NASA Wallops is 'fighting Mother Nature' to restore eroding shoreline and keep rockets flying
By TAMARA DIETRICH | Daily Press (Newport News, Va.) | Published: September 9, 2019
NEWPORT NEWS, Va. (Tribune News Service) — Sitting right inside “hurricane alley,” NASA Wallops Flight Facility is in a never-ending struggle to keep the Atlantic at bay while powerful waves encroach inexorably on its launch pads.
Those pads were built by Virginia taxpayers, most recently to boost commercial cargo runs to the International Space Station. But Wallops also hosts important Naval infrastructure, and integration facilities for Northrop Grumman’s Antares rockets and Cygnus spacecraft.
“It’s over a billion dollars worth of assets on the island,” said Keith Koehler, NASA Wallops news chief. “Wallops is typical of the barrier islands — they’re not wide, and they have served (to protect) the mainland over the years. So we’ve made the best of it.”
“We’re fighting Mother Nature,” said Paul Bull, deputy division chief for facilities at Goddard Space Flight Facility, which operates Wallops.
Hurricane Dorian was only the latest example of what they’re up against.
Another was Sandy, which wreaked havoc along the Atlantic coast in 2012, spurring projects to replenish the shoreline not only at Wallops but also at Kennedy Space Center in Florida. At Wallops, 3.2 million cubic yards of sand were mined offshore in 2012 and a sea wall extended by 1,700 feet at a combined cost of $42 million. Two years later, 650,000 more cubic yards were dredged and dumped at a cost of about $11 million.
Those efforts rebuilt a roughly 100-yard-wide beach to separate the Atlantic from the launch pads. But in the years since, the beach has shrunk to half that width. Recent studies show that the southern reaches of Wallops are losing 235,000 cubic yards of sand every year to erosion.
Where’s it all going? It’s still there, but it’s migrating from the south end of the island to the north.
So in January the Virginia Marine Resources Commission approved a plan to haul that migrant sand back into place — 1.3 million cubic yards of material to be harvested from the north end of the island to restore a 19,000-foot stretch of beach on the south. They’re also installing a new set of breakwaters.
“That, in a nutshell, is what the scope is,” said John Saecker, civil engineer and project manager at Wallops. “We’re taking it back to the profile that already existed in 2012 for our first project.”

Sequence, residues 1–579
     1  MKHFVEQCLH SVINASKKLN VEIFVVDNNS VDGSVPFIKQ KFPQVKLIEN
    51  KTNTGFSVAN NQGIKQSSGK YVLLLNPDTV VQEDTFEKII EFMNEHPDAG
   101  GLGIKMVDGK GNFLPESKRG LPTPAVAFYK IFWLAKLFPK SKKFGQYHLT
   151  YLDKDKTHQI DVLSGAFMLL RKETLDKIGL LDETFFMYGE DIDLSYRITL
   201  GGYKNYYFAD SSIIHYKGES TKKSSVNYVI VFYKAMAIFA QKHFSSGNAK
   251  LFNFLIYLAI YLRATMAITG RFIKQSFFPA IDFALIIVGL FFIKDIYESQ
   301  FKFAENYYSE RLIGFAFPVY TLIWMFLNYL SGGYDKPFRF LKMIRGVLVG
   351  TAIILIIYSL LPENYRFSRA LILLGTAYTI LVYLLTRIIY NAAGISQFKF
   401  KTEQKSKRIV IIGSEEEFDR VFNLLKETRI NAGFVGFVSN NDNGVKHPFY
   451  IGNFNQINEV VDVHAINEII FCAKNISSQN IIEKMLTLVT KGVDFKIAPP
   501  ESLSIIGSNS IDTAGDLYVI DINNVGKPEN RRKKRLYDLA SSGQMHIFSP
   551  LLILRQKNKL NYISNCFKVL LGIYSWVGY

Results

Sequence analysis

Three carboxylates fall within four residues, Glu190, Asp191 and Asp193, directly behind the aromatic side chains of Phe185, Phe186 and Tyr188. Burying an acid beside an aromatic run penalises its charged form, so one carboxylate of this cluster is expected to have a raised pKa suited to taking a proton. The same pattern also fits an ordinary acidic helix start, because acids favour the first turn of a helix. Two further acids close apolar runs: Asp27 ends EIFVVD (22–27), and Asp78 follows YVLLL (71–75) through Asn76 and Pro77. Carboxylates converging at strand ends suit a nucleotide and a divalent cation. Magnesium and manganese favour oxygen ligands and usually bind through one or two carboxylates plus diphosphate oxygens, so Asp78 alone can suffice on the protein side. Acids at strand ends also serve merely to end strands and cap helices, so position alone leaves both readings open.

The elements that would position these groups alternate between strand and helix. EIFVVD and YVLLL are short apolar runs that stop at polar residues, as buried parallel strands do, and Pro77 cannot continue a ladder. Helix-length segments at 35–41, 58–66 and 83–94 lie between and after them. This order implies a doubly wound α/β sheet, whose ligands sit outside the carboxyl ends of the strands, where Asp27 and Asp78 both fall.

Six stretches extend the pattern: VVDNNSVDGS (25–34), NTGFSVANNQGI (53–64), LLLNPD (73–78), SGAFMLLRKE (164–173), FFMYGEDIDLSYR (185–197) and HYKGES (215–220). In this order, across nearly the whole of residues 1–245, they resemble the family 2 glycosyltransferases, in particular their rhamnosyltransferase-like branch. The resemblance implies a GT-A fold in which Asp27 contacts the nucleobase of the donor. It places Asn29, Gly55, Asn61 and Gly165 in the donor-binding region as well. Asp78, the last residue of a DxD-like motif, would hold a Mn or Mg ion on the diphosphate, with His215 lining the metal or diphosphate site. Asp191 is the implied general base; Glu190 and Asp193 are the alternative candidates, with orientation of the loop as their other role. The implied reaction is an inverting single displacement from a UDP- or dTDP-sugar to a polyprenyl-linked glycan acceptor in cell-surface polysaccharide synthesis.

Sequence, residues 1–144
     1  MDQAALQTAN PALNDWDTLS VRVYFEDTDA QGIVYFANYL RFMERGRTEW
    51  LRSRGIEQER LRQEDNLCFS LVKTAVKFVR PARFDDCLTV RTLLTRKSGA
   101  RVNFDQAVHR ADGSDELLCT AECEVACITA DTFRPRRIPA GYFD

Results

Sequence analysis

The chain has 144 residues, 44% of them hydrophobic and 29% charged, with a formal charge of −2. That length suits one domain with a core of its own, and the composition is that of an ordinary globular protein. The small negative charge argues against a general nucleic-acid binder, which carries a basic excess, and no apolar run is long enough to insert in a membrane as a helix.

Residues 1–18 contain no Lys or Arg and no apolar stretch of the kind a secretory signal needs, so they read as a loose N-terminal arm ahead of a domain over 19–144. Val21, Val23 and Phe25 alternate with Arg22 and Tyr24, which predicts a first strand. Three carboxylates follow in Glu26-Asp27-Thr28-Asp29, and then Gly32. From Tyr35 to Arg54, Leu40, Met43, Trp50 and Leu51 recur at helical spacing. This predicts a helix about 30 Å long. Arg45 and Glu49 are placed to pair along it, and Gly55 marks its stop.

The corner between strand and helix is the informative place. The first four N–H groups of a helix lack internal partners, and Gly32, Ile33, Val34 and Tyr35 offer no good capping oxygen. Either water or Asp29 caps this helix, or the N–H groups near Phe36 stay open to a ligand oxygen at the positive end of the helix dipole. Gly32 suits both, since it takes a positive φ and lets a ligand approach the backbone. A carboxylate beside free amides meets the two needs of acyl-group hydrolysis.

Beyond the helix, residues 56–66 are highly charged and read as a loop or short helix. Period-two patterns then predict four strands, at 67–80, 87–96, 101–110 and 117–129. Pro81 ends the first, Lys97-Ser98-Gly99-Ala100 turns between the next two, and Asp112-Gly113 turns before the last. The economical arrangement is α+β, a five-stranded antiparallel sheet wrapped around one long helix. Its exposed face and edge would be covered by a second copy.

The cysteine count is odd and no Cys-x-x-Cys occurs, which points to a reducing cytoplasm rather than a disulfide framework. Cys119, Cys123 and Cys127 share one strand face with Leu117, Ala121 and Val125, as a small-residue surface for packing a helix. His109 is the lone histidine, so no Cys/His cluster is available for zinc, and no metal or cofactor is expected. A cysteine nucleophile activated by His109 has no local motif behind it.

The cost of the project isn’t set — the work is going up for bid. Bull estimates the cost will be “somewhere in-between” the 2012 and 2014 projects.
The work is expected to begin no earlier than November and should take about a year to complete. Bull said it won’t inhibit NASA or Naval operations, and crews will stand down as needed for launches.
NASA has a 50-year permit to keep renourishing the beach, which Bull expects should be done every five to seven years.
Koehler said replenishment is superior to other methods employed over the years to protect the facility.
“We really haven’t had any significant flooding whatsoever on the island (since 2012),” said Koehler. “And so it’s really done the job.”
Eventually moving the pads farther inland to escape the ever-encroaching ocean isn’t feasible, and not only because it would cost a fortune — launch pads are typically built along the coast to reduce the risk to inhabited areas, and Wallops is too narrow to accommodate an inland facility.
Wallops was established in 1945 and since then has served as a launch range for science rockets, high-altitude balloons, unmanned aerial vehicles and spacecraft for science, military, government and commercial entities.
The larger 0A and 0B launch pads were originally built in the 1990s, but were rebuilt or upgraded in recent years. Pad 0A was repurposed for uncrewed cargo missions to the space station as state leaders strive to position Virginia as a player in the commercial space industry. The Mid-Atlantic Regional Spaceport is operated by the Virginia Commercial Space Flight Authority, or Virginia Space.
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